Posted on February 24th, 2011 by
Class: Supportive Care
Generic Name: Denosumab
Trade Name: XGEVA®
For which conditions is this drug approved? XGEVA is indicated for the prevention of skeletal-related events in patients with bone metastases from solid tumors.
What is the mechanism of action? XGEVA targets a protein known as the RANK ligand. This protein regulates the activity of osteoclasts (cells that break down bone). In patients with bone metastases, increased RANK ligand production can cause destruction of bone.
How is XGEVA typically given (administered)? XGEVA is given as a subcutaneous (under-the-skin) injection once every four weeks.
How are patients typically monitored? Patients will usually have scheduled meetings with their healthcare provider while they are being treated with XGEVA. Patients may undergo blood tests, physical examinations, scans or other measures to assess side effects and response to therapy. XGEVA can cause extremely low levels of calcium in the blood, a condition known as severe hypocalcemia. To reduce risk of hypocalcemia, physicians are advised to treat pre-existing hypocalcemia prior to XGEVA treatment and then monitor calcium levels and administer calcium, magnesium, and vitamin D as necessary. Patients receiving XGEVA are also at risk of osteonecrosis of the jaw (ONJ), a condition where parts of the jawbones die. Physicians are advised to perform an oral examination before starting XGEVA and monitor for symptoms during treatment.
What are the common (occur in 30% or more of patients) side effects of treatment with XGEVA?
What are the less common (occur in 10% to 29% of patients) side effects of treatment with XGEVA?
This is not a complete list of side effects. Some patients may experience other side effects that are not listed here. Patients may wish to discuss with their physician the other less common side effects of this drug, some of which may be serious.
Some side effects may require medical attention. Other side effects do not require medical attention and may go away during treatment. Patients should check with their physician about any side effects that continue or are bothersome.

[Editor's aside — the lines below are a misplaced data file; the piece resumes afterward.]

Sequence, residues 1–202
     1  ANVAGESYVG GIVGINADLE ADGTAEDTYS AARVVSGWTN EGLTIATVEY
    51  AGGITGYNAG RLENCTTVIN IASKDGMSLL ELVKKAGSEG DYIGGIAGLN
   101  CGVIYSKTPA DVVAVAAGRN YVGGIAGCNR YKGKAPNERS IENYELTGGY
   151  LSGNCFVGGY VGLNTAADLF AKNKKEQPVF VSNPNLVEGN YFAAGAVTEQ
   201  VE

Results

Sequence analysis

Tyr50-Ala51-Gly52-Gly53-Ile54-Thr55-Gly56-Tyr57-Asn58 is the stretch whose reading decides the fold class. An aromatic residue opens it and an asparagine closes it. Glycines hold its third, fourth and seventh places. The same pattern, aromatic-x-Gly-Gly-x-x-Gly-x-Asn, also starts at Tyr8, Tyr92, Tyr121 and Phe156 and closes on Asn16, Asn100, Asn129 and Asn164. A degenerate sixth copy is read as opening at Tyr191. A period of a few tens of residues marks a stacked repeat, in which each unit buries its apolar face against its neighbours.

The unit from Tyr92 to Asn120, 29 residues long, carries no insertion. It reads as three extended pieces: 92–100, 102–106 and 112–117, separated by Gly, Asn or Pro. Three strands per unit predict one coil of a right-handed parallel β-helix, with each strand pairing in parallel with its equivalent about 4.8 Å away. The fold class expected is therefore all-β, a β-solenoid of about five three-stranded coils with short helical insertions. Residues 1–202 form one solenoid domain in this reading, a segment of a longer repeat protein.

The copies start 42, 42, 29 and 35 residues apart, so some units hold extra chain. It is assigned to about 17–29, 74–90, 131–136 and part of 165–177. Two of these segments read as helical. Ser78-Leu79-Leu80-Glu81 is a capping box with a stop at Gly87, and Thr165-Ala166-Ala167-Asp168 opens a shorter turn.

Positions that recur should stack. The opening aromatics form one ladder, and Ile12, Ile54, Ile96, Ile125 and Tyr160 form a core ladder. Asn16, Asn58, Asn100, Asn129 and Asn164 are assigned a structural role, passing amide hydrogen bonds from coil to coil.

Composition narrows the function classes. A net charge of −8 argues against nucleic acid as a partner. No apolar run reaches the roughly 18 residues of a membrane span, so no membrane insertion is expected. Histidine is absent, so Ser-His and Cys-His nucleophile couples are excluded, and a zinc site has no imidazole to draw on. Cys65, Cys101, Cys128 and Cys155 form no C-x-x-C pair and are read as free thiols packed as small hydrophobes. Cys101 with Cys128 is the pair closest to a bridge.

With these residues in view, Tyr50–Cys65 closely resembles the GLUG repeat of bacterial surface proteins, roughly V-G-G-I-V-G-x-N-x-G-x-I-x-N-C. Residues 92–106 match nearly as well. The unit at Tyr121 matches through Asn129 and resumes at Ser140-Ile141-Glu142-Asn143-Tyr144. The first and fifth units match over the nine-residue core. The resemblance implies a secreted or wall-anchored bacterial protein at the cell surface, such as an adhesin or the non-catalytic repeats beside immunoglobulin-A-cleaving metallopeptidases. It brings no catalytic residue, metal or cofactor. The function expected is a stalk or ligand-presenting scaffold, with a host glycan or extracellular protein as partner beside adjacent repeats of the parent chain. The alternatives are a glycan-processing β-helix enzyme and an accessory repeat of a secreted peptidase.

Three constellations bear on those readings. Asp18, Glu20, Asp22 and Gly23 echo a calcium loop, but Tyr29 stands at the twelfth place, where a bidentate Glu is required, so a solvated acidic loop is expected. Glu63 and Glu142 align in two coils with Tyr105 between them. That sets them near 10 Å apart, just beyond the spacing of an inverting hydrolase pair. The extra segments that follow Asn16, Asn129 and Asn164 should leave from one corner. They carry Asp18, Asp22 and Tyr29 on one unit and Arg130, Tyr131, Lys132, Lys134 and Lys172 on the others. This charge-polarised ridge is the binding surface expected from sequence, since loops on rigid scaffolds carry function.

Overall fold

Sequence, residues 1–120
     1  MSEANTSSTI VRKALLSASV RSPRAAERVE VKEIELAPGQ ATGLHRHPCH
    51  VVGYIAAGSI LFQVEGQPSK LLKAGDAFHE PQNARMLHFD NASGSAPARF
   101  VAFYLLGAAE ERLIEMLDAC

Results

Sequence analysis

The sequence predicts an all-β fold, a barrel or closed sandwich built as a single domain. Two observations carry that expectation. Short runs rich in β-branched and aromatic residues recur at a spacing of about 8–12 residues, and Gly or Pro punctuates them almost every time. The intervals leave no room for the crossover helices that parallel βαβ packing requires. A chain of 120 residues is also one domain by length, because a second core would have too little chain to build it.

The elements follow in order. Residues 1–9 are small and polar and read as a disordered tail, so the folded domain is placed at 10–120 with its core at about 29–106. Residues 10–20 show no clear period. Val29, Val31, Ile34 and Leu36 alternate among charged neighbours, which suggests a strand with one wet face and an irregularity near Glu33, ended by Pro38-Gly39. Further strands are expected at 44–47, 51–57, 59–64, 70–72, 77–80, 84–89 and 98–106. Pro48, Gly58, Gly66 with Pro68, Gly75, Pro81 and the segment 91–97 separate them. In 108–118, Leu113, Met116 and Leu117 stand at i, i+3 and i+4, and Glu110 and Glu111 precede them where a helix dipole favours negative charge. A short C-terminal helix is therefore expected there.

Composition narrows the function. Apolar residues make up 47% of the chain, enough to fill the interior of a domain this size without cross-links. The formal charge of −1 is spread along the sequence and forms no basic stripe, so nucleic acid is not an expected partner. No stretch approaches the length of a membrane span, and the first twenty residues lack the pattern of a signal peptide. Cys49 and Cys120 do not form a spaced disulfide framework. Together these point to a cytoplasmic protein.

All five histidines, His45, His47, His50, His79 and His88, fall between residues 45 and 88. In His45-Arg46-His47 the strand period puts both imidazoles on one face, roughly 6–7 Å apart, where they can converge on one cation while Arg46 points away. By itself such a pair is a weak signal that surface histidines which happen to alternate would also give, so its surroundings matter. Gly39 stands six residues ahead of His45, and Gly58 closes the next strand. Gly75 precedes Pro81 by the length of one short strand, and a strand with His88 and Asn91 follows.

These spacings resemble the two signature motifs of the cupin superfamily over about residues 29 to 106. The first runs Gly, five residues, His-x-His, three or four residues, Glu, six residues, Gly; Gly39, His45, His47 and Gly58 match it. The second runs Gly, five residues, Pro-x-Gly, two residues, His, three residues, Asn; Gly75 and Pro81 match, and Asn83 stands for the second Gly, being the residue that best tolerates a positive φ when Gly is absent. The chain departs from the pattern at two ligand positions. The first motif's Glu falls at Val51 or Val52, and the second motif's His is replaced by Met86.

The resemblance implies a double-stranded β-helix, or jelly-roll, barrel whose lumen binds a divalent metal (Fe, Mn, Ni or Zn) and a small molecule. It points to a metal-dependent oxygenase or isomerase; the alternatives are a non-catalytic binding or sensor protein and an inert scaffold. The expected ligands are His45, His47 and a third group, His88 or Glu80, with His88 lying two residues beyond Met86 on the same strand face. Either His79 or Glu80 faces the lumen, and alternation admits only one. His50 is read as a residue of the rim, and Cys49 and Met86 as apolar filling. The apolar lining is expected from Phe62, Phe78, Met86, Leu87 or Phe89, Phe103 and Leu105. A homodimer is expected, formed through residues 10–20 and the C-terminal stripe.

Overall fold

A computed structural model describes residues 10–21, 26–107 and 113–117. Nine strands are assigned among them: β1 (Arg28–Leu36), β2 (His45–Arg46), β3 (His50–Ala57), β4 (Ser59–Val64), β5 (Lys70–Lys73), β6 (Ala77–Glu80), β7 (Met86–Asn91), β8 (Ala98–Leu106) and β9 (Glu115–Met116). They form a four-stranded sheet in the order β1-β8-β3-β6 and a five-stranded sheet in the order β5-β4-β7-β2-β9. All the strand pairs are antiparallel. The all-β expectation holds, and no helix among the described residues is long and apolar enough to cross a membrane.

What can patients do to help alleviate or prevent discomfort and side effects?
Patients receiving XGEVA are encouraged to maintain proper oral hygiene and receive routine dental care. Tell your dentist that you’re receiving XGEVA and avoid invasive dental procedures during treatment.
Are there any special precautions patients should be aware of before starting treatment?
Be aware that denosumab is also marketed as Prolia®. Patients should not take Prolia and XGEVA together. XGEVA is not considered safe for women who are pregnant or may become pregnant. To prevent fetal harm, women of reproductive age are advised to use highly effective contraception during treatment with XGEVA and for at least five months after treatment.
When should patients notify their physician?
Tell your doctor if you experience any side effects that bother you or don’t go away. Also notify your doctor if you experience symptoms hypocalcemia, such as muscle twitching, spasms, or cramps, or numbness or tingling in your fingers, toes, or near your mouth). Tell your doctor if you have symptoms of an infection (such as fever or chills; skin that is red, swollen, or tender; severe abdominal pain; or frequent or urgent urination or burning during urination), symptoms of a skin problem (such as redness, itching, rash, dry or leathery skin, oozing or crusty blisters, or skin peeling), symptoms of ONJ (such as pain, numbness, swelling, or slow healing of the jaw, mouth, or teeth), or symptoms of an unusual thigh bone fracture (such as new or unusual pain in the hip, groin, or thigh).
What is a package insert?
A package insert is required by the FDA and contains a summary of the essential scientific information needed for the safe and effective use of the drug for healthcare providers and consumers. A package insert typically includes information regarding specific indications, administration schedules, dosing, side effects, contraindications, results from some clinical trials, chemical structure, pharmacokinetics and metabolism of the specific drug. By carefully reviewing the package insert, you will get the most complete and current information about how to safely use this drug. If you do not have the package insert for the drug you are using, your pharmacist or physician may be able to provide you with a copy.
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